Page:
Monday, October 25, 2010

Everything you always wanted to know about CONGO but were afraid to ask

Ok. I admit it. I am totally and utterly overwhelmed by this job. It's mostly, I think, because of my boss, who doesn't seem to appreciate the difficulty of trying to discern what is and what is not important during his unending rants that never seem to quite provide the information I am looking for. Today he expressed a desire to improve his English, and so perhaps my new coping strategy will be to speak to him only in English and let HIM sweat it out for a change.

I am trying to find a balance, though, so never fear. Played tennis (!) yesterday, with a lone goat on the other side of the fence, munching some weeds, and more spectators than such a blatantly mediocre match would possibly warrant. Met some very likeable colleagues last week, during a training on project management in Bukavu (hence the tennis; we certainly don't have that in the field), and am so feeling more at home with the organization, if not with my direct supervisor.

What I mean to say is this: I am too distracted by all that there is to do, and more so, by all that I don't realize there is to do, to pen a coherent blog entry at this point. So I need your help.

You are my audience, after all. What would you like to know about Congo, food security, humanitarian work, bananas, expat life, tempermental toilets?

Post a comment and I will respond. Your guidance will help the words to flow.

À bientôt.


  1. Hi Emily,
    An easy one, since I keep begging for posts:
    Where do you see/feel God/spirit in Congo? What keeps you going?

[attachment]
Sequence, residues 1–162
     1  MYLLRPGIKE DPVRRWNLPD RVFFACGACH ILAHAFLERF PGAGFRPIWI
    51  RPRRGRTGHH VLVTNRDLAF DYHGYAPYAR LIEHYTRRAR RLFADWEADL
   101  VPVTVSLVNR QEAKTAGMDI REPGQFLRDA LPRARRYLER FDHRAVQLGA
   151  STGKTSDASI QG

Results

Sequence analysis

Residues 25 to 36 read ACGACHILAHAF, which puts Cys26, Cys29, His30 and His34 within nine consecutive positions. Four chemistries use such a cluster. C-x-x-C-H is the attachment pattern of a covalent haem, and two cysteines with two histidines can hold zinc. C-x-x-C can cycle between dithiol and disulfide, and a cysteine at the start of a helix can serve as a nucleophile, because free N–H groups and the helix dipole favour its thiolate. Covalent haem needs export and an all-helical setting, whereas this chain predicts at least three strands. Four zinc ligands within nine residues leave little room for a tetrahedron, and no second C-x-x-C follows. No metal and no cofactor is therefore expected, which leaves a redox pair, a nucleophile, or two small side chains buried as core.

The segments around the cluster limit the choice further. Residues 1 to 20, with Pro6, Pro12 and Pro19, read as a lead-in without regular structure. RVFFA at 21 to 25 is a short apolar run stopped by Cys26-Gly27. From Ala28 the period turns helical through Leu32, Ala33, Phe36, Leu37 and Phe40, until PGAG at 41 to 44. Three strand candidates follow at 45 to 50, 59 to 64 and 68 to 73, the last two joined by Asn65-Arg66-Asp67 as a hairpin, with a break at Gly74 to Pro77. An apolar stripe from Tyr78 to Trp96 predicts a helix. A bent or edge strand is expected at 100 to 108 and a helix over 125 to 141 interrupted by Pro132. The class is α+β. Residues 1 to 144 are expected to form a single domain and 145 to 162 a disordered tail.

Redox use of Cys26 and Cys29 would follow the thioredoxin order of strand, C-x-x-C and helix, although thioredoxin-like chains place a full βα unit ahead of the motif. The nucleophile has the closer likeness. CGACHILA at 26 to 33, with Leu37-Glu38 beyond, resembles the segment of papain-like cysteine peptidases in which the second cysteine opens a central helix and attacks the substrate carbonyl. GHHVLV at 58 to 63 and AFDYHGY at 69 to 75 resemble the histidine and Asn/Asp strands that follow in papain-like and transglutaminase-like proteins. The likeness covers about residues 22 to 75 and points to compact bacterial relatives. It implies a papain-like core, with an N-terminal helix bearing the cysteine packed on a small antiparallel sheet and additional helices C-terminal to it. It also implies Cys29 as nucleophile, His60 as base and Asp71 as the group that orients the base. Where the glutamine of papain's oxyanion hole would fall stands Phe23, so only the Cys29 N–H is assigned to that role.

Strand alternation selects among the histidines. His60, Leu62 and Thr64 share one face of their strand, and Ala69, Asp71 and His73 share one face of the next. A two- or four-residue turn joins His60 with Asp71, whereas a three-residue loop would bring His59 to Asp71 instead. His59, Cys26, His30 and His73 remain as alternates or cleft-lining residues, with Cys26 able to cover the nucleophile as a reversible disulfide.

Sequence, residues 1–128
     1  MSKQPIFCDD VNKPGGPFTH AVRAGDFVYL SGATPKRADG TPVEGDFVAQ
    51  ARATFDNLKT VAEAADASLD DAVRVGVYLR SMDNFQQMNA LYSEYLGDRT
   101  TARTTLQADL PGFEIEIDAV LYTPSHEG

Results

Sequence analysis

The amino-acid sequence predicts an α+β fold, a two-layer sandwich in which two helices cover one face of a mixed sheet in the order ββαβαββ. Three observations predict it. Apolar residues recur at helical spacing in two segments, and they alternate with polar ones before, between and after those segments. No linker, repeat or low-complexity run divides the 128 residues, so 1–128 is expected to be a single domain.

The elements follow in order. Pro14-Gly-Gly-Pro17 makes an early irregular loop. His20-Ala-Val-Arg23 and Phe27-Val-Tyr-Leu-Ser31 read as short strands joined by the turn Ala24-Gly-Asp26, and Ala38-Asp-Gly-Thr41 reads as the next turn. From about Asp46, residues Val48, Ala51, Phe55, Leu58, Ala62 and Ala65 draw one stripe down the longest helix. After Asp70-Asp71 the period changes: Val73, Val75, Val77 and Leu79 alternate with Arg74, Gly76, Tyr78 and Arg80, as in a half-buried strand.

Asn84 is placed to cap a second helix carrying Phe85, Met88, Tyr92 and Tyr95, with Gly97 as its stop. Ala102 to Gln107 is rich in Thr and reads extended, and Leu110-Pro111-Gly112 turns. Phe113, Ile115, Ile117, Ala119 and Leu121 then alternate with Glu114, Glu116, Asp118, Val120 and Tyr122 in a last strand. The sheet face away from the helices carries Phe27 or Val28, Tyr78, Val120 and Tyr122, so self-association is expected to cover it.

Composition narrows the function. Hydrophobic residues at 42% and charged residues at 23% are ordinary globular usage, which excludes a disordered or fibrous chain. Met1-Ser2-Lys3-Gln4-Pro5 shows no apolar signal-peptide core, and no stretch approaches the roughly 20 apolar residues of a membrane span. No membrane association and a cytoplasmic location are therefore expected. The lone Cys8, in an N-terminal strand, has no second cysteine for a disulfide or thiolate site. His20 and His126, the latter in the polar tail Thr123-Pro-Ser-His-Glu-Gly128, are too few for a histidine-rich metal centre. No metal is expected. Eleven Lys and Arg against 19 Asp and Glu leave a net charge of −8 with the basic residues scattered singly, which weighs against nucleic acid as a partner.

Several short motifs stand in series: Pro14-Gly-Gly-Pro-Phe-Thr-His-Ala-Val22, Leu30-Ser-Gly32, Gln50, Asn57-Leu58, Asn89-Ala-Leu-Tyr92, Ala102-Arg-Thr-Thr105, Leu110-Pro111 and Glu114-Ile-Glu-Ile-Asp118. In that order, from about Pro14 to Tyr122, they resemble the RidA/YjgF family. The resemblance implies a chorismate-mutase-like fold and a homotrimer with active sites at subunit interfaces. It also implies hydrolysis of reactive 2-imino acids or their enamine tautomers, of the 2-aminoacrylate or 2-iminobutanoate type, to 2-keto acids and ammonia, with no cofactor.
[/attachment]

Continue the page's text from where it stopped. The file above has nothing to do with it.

2. Hello, Emily,

    Here in Ipswich, where unseasonably warm weather has gloriously extended the autumn color display, it is hard to believe you are in such a different region of the world, but your blog brings it and your challenges alive to us. We think of you every day and wish you strength and happy moments amidst the challenges. Love from, Rosemary

  3. I would actually want to hear more about tennis (or, perhaps more generally, recreational activities available to you and everyone else).


  4. Hi Emily,
    Garry sent me a link to your blog. I was a Peace Corps volunteer in training in Bukavu in 1989, so I can relate to some of what you've written, although I've never played tennis with a goat!

  5. Emily-
    People. Characters. Random Encounters with wildlife. Pets.

  6. Food.

    And goats.


  7. Hi Emily,

    Is there much visible effort on behalf of civilians, the government, or the international community towards making the region more secure?

    Could you recount life stories / experiences of some of the Congolese people you've met?

    Have you had any encounters with monkeys? (Chimps, gorillas and bonobos specifically.)


  8. All of the above and more about the lethal burping lake and adjacent volcanoes. Plus chimps and bonobos.

    I've been sharing a few of your previous blog entries with some of your friends here and I get a disturbingly universal response..."my god, the Congo is the most dangerous place on the planet right now" that true for you?

    Also, I'm deeply concerned about the bananna wilt and the effect it will have on the people you work with as well as the effect that working on what seems like a potentially hopeless project will have on you, especially if your efforts are stymied by political/social/organizational situations beyond your control. What can you do/are you doing to keep this from sucking the soul out of you?


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